CME professionals worldwide are debating how to develop independent education and ethical relationships with pharmaceutical companies. That was one of the trends discussed at the Global Alliance for Medical Education annual conference, held June 20 to 22 at the Westin New York at Times Square. The meeting drew about 100 attendees from the United States, Canada, Europe, and as far away as Malaysia and China, all of whom offered a fascinating view of CME provider/physician/pharma relationships around the globe.
As CME programs become formalized, many countries, like the United States, depend heavily on pharmaceutical industry funding for CME. In Canada, as in the United States, there is a growing gap between what physicians expect and what pharmaceutical companies are allowed to provide. To help close that gap, the Canadian CME community is considering developing workshops for doctors about the regulations.
To maintain ethical standards, Spain, Italy, and Germany have developed their own pharma codes. Malaysia has taken an interesting approach—-allowing pharmaceutical companies to develop 25 percent of the content for CME events. In China, the biggest challenge in developing independent CME is that docs are in favor of pharmaceutical-company-controlled programs, said Howard Ho, CEO, EMO Healthcare Communications in Beijing. "The content is good, the programs are free, and there is great entertainment," Ho said. "Doctors are human." (Sound like a familiar problem?)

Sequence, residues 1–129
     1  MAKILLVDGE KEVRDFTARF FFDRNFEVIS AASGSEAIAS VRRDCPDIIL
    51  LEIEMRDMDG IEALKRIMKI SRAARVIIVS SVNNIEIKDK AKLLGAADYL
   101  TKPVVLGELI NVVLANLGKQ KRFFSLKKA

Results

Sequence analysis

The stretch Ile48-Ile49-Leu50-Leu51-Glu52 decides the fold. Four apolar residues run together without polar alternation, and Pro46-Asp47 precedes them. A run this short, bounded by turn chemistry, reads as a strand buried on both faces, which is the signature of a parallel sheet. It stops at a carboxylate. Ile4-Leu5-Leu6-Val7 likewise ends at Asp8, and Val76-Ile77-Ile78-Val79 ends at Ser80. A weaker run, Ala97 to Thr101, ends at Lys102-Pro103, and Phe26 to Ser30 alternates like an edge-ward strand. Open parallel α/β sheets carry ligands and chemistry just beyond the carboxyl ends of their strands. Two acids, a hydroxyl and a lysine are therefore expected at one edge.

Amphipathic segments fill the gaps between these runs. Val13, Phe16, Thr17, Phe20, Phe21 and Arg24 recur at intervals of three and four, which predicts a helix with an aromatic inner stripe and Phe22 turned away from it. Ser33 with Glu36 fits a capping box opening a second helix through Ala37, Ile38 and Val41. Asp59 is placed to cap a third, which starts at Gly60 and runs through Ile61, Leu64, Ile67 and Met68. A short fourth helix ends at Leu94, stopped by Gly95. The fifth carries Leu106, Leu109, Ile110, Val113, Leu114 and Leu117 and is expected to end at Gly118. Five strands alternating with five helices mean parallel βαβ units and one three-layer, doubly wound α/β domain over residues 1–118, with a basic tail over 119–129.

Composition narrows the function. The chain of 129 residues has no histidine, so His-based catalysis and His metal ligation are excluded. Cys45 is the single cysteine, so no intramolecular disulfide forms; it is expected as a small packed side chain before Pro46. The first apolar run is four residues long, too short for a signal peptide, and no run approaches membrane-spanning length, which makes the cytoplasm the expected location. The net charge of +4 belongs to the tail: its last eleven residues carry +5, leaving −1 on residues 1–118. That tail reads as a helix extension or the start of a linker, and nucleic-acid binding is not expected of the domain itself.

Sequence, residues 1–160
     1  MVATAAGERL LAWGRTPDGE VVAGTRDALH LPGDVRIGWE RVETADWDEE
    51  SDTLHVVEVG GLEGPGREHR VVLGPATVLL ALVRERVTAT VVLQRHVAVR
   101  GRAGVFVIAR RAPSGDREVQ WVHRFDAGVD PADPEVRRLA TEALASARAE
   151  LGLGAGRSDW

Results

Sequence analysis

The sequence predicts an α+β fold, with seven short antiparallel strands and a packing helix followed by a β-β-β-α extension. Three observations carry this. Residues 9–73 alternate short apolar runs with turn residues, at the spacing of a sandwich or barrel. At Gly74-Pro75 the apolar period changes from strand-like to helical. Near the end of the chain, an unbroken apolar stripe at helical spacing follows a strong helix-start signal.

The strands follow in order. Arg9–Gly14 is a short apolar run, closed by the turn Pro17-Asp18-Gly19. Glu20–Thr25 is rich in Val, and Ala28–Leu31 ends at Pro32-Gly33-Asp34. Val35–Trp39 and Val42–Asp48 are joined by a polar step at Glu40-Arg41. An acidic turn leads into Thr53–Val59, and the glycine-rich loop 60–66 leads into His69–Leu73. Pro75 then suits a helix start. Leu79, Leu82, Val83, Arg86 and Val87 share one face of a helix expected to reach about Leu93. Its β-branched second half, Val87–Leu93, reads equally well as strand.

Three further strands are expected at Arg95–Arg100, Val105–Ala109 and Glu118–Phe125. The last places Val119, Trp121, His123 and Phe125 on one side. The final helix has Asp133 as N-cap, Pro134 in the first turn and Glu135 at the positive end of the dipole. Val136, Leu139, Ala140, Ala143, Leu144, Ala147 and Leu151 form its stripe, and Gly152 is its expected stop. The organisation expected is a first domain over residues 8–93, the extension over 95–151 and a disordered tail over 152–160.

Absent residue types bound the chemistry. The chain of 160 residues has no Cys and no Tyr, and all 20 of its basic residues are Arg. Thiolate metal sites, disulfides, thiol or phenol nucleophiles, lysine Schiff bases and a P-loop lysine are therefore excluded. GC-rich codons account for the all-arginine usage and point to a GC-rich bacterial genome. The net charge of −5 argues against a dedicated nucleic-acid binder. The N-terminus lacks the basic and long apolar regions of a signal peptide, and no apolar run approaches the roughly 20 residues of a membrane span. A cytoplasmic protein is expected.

His company formed a partnership with Rockpointe Productions and the American College of Cardiology to bring highlights of the ACC annual meeting in April to China via telecasts. Through this initiative, Chinese doctors experienced an unbiased program, said Ho, which will encourage them to push for more independent programs in China.
Not only must CME professionals around the world develop systems to ensure the independence of programs, but they must also prove CME's effectiveness, speakers stressed. With the passage of the Medicare prescription drug benefit bill, the U.S. government will become the largest single payer of pharmaceuticals and medical devices by 2006, which means the current environment of government scrutiny will intensify, and there may be even more regulation of the pharmaceutical industry. These U.S. trends will affect pharmaceutical funding of CME worldwide, speakers said.
A heads-up for CME providers: If you haven't yet developed outcomes measurements for your programs, start now. Drug firms must mitigate their risk by investing in programs that are evidence-based and have a proven, positive effect on patient care.